Recent advances in surface-enhanced Raman spectroscopy have positioned the technology as a potential alternative to fluorescence-based ELISAs, with work underway in several academic and industry labs to adapt it for use in proteomics research and protein-based diagnostics.
The technique, which was discovered in the mid-1970s, relies on the inelastic scattering of monochromatic light to detect changes in analytes' molecular state, and is potentially more sensitive and easier to multiplex than conventional ELISAs. However, several issues, most significantly poor reproducibility, have kept it from being widely adopted for protein detection.
Primarily, the reproducibility challenge has been a materials-synthesis problem, said Marc Porter, professor of analytical chemistry at the University of Utah. Detection via surface-enhanced Raman signaling, or SERS, is done on special surfaces — typically on those made of metal nanoparticles — to enhance the normally weak Raman signal. To achieve high reproducibility across experiments, manufacture of these surfaces must be similarly reproducible.
The technique was discovered in the mid-1970s, but "it's really just been a research phenomenon because the ability to repeat or reproducibly get the same [level of] enhancement has been a challenge," Porter told ProteoMonitor.
Recently, however, his lab has been able to bring the method's variability down into the 5- to 10-percent range and has additional preliminary data that suggests it may be even lower, he said.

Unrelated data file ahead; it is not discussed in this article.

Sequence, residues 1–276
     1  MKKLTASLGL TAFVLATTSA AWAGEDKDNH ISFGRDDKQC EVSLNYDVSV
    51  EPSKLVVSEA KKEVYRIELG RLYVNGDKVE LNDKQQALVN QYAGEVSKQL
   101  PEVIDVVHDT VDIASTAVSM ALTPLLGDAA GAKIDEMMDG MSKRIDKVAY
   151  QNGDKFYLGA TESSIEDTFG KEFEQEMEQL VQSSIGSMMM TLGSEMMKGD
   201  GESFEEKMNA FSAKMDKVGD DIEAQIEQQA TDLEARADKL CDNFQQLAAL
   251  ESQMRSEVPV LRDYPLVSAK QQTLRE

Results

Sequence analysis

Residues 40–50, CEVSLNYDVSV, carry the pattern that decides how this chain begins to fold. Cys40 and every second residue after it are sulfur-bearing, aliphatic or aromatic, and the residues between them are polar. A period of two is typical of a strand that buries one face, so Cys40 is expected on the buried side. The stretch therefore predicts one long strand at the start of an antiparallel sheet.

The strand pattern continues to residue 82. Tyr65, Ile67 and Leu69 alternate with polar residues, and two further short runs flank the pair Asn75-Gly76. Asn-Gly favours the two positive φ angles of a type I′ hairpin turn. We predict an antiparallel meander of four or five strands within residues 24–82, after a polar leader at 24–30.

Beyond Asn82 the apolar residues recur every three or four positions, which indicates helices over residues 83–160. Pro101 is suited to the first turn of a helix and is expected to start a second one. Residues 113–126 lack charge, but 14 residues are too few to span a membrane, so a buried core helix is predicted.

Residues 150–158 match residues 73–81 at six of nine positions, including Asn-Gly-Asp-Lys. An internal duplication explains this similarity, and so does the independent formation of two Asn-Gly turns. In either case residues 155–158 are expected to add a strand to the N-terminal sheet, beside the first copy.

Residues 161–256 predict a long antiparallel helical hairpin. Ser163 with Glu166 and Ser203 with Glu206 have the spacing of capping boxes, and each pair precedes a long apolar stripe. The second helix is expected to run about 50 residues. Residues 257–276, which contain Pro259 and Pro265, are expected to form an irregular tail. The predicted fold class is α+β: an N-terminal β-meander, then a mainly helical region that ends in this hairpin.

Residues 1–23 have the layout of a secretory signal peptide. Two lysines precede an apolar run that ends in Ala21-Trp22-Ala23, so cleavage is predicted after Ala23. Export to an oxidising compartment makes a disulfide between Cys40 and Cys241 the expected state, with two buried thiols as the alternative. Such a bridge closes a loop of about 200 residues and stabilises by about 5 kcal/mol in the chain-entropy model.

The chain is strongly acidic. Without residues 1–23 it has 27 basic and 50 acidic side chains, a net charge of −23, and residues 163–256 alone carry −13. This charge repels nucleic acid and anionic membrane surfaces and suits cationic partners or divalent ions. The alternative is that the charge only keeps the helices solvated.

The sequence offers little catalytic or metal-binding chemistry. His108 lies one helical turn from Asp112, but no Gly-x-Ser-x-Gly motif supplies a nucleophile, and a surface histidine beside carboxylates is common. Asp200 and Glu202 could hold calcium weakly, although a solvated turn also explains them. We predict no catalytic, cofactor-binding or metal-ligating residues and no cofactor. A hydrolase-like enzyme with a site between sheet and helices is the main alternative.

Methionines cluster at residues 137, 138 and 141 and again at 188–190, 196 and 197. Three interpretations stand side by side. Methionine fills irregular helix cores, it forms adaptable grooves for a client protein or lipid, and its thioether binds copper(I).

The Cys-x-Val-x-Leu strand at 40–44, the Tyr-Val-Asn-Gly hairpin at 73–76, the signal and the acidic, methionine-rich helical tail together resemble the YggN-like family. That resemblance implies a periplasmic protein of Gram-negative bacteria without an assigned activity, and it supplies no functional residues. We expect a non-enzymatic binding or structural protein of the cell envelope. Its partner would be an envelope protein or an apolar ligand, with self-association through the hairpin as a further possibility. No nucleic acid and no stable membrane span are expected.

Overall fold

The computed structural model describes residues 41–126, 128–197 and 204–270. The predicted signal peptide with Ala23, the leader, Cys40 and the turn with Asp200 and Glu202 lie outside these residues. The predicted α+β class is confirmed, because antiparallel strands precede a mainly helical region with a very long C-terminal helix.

Porter's lab conducts its SERS work on thin films of gold onto which it attaches a layer of antibodies. As in a typical ELISA, that layer of antibodies is then exposed to the antigenic sample of interest, allowing for binding.
The researchers then add gold nanoparticles coated in both the secondary antibodies and reporter molecules that give off a signal when read by a Raman spectroscope.
With materials from Loveland, Colo.-based nanotech company NanoPartz, Porter said he believes his lab has "figured out how to reproducibly manage the [Raman] enhancement."
"NanoPartz makes gold nanoparticles with a very tight control over particle size, and by being able to reproducibly create particles of a well-defined size and shape, you've now got something that will give you a consistent enhancement," he said.
"We're also able now to reproducibly coat the particles with a consistent amount of the Raman label and a consistent amount of antibody," Porter added. "So now we can begin to argue that we can manage the SERS enhancement [in a way] that competes with purifying a fluorophore and hooking it onto an antibody for a fluorescence-based assay.
"There are a couple of different [research] groups going after this in a couple different ways," he said. "This is what's been limiting [adoption], and now I think we're going to see [SERS] become an important player."
Another entity exploring SERS as a protein detection platform is Scottish biotech firm Renishaw Diagnostics, which has ongoing studies looking at using the technique to detect protein biomarkers tied to the infection of chronic wounds.
Originally named D3 Technologies, Renishaw in 2007 was spun out of Glasgow's University of Strathclyde with the aim of commercializing IP developed there that uses SERS to detect DNA.
That year, the company purchased the analytical business unit of Mesophotonics, obtaining its silicon- and gold-based SERS substrate Klarite. According to David Eustace, the company's project leader for development, Renishaw plans to launch DNA diagnostics using the Klarite product by the end of 2011 and hopes to develop protein detection assays within the next several years.